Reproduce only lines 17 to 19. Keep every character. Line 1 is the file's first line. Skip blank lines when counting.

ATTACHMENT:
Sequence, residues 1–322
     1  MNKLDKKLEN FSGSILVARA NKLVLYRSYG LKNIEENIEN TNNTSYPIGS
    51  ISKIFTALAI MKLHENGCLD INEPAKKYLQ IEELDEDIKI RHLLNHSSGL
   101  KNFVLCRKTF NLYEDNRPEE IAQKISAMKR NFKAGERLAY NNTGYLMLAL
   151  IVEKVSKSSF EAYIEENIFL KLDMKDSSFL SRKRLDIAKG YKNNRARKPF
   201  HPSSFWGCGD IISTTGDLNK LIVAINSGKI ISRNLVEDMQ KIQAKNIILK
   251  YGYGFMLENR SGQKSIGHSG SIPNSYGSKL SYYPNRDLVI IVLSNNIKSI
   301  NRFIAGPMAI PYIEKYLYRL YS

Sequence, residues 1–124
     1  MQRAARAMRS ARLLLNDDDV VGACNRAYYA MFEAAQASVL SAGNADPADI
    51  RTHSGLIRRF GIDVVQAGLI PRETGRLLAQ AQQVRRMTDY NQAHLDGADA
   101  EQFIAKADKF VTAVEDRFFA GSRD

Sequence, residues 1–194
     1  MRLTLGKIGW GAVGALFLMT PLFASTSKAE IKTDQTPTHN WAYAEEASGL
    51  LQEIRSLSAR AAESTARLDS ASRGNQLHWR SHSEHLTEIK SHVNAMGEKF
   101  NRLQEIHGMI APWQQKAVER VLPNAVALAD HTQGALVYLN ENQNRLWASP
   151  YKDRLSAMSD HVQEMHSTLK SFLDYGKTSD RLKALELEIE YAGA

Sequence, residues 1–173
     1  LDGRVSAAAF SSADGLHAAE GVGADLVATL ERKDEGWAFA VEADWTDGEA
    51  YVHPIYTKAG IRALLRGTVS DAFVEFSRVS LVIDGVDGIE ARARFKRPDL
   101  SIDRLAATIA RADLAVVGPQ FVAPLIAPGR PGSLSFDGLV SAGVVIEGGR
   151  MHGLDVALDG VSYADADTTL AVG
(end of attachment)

   151  YKDRLSAMSD HVQEMHSTLK SFLDYGKTSD RLKALELEIE YAGA

Sequence, residues 1–173
     1  LDGRVSAAAF SSADGLHAAE GVGADLVATL ERKDEGWAFA VEADWTDGEA